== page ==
WASHINGTON (AP) - The Supreme Court is leaving in place a decision that barred a North Carolina county from opening its meetings with Christian prayers.

The Supreme Court declined Thursday to take a case involving the Rowan County Board of Commissioners. The board was sued in 2013 over its practice of opening meetings with a prayer led by a commissioner.

RELATED: Appeals court says Rowan County board's prayer practice is unconstitutional

The full U.S. Court of Appeals for the 4th Circuit in Richmond ruled against the county in 2017. It said the commissioners' practice of leading the prayers themselves and inviting the audience to join, always in the Christian faith, violated the First Amendment by establishing Christianity as a preferred religion. The Supreme Court's decision not to take the case leaves that decision in place. Last September, the commissioners voted unanimously to appeal their case to the Supreme Court.

Commissioners argued the appeal was not a fight for Christian prayer per se, but rather for freedom of speech to pray however they choose.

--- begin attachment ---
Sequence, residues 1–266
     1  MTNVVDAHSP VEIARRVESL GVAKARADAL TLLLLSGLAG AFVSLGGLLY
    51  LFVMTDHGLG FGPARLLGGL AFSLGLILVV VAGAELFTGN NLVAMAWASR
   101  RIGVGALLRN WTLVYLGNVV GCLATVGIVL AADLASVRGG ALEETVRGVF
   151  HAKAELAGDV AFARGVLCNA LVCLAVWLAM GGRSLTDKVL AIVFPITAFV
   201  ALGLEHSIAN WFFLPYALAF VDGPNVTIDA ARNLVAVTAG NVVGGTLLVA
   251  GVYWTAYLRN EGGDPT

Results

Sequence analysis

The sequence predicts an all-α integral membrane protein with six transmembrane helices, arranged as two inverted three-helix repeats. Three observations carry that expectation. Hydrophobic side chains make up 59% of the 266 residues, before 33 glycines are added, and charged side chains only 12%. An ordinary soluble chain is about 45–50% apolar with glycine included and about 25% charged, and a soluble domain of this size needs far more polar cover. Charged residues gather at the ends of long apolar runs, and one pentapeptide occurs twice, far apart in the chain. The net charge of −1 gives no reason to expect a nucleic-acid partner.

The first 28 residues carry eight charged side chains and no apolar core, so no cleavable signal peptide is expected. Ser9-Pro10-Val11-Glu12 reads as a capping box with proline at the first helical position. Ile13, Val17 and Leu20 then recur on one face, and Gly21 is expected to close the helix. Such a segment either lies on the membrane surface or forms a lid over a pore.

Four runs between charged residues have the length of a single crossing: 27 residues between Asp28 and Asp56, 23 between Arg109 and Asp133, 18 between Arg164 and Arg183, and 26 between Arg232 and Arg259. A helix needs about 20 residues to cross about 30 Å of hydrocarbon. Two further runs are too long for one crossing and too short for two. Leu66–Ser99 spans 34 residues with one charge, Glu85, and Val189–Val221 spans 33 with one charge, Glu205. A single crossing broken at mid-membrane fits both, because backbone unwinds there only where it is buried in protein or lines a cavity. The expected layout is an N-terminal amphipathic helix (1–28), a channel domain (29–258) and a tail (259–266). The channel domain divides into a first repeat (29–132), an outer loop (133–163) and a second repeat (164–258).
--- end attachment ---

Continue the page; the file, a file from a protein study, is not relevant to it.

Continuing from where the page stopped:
"Making someone feel uncomfortable is not coercion," said vice chair Jim Greene.

RELATED: Rowan County commissioners

vote

unanimously to appeal prayer case to Supreme Court

Justice Clarence Thomas said he'd have taken the case.

The ACLU of North Carolina released the following statement after the decision:

"The U.S. Supreme Court announced today it will not review a ruling that found the county commissioners of Rowan County, North Carolina, violated the Constitution by coercing members of the public to join in prayers that overwhelmingly advanced beliefs specific to one religion. The decision means that a lower court ruling striking down the practice will stand, with Rowan County having exhausted all possible appeals."

“This is an important victory for the rights of all people to be free from religious coercion by government officials,” said Chris Brook, legal director for the ACLU of North Carolina, who argued the case at the district and circuit court. “People who attend public meetings should not have to fear that government officials may force them to participate in a prayer—or discriminate against them if they don’t.”

“This case has always been about making Rowan County more welcoming to people of all beliefs, and we are so glad that the Supreme Court has let this ruling stand,” said Nan Lund, the lead plaintiff in the case, Lund et al. v. Rowan County. “Everyone should be able to attend public meetings and raise concerns with government officials without having to violate or be judged by their religious beliefs.”

The Associated Press contributed to this report.

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